The recent FDA approval of inclusion of bevacizumab (BEV) in the treatment of platinum-resistant recurrent ovarian cancer will likely lead to more widespread adoption of this intervention. We assessed the cost effectiveness of this expensive treatment for this specific indication.
A cost effectiveness decision model was constructed using results from AURELIA, a phase III randomized trial comparing BEV plus cytotoxic chemotherapy versus chemotherapy alone in patients with platinum-resistant recurrent ovarian cancer. The BEV arm of AURELIA had improved progression free survival and quality of life (QOL). Costs, paracentesis rates, and adverse events were incorporated.
Inclusion of BEV in the treatment of platinum-resistant recurrent ovarian cancer costs on average $26,790 more than cytotoxic chemotherapy alone when 15 mg/kg dosing is used and $40,813 more when biweekly 10 mg/kg is used. The incremental cost-effectiveness ratio (ICER) per progression-free life year saved (PF-LYS) is $146K with 10 mg/kg dosing and $96K with 15 mg/kg dosing. In sensitivity analysis, the ICER drops below a willingness-to-pay (WTP) threshold of $100K when greater than 68% of patients receive salvage single agent BEV. Incorporating better QOL in the BEV arm based on AURELIA improves the ICER in both dosing regimens, but does not lower the ICER below $100K at the 10 mg/kg dose.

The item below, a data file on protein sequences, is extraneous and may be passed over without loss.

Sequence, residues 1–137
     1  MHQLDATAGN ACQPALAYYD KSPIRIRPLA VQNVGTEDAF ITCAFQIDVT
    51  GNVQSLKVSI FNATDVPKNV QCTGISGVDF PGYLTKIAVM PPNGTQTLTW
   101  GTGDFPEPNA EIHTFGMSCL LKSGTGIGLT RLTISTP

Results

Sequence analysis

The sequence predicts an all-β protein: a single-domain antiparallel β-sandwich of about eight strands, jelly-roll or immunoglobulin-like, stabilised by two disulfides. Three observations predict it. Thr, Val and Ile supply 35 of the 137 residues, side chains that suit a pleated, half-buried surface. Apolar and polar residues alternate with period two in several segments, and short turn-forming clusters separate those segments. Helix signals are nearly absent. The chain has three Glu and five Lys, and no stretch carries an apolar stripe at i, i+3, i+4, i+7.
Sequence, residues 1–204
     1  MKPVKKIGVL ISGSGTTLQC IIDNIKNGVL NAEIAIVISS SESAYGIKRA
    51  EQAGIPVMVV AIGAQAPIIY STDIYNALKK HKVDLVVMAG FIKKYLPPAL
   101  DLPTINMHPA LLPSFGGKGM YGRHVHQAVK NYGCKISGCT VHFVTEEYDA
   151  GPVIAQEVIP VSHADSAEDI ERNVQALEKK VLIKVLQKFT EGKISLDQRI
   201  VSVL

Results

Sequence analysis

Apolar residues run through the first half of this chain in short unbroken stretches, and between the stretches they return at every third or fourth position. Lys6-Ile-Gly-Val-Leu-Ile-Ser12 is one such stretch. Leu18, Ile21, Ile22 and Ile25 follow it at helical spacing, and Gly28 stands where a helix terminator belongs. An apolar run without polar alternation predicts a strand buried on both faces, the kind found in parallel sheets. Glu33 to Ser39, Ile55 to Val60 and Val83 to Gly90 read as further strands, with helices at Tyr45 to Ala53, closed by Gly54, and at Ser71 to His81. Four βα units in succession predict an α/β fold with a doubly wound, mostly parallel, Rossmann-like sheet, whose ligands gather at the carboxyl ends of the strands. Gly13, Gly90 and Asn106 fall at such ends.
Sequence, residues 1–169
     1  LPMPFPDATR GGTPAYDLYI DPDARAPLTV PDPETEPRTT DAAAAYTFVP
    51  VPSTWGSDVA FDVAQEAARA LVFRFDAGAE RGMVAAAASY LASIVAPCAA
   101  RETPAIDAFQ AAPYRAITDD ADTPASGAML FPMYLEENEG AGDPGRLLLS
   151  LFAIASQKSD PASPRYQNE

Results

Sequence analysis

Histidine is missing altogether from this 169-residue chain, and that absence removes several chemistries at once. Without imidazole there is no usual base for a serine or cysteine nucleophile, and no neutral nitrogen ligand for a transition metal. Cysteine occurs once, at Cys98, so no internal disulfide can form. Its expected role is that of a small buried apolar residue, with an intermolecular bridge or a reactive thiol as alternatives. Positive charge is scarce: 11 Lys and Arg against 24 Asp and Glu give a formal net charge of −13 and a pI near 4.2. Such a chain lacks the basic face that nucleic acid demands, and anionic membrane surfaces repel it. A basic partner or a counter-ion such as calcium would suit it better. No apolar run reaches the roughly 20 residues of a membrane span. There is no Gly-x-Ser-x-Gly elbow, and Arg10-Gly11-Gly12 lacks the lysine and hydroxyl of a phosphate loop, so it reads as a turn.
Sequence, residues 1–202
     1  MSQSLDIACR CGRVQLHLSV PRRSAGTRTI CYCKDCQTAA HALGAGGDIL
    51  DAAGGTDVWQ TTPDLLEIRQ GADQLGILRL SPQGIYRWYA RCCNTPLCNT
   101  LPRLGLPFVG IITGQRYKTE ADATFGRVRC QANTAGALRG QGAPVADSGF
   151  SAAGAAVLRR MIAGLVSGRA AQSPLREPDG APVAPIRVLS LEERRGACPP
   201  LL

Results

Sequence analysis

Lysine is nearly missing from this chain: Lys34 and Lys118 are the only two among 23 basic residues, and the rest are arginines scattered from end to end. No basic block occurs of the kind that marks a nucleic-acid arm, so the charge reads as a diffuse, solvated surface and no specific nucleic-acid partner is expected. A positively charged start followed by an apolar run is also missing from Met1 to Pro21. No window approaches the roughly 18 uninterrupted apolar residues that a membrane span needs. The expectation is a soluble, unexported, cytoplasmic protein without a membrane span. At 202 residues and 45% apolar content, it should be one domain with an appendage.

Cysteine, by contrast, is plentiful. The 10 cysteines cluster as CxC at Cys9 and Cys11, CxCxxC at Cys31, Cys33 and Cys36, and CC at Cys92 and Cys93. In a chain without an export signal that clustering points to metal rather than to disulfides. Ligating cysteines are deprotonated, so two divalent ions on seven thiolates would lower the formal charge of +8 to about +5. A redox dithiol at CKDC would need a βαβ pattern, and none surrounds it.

Our results suggest that incorporation of BEV using the 15 mg/kg regimen is cost-effective based on the common WTP threshold ICER of $100K. In light of FDA approval for this indication, evidence for cost-effectiveness further supports utilization in women with platinum-resistant recurrent ovarian cancer.
San Antonio Military Medical Center, Fort Sam Houston, San Antonio, TX
Financial Disclosure: The authors did not report any potential conflicts of interest.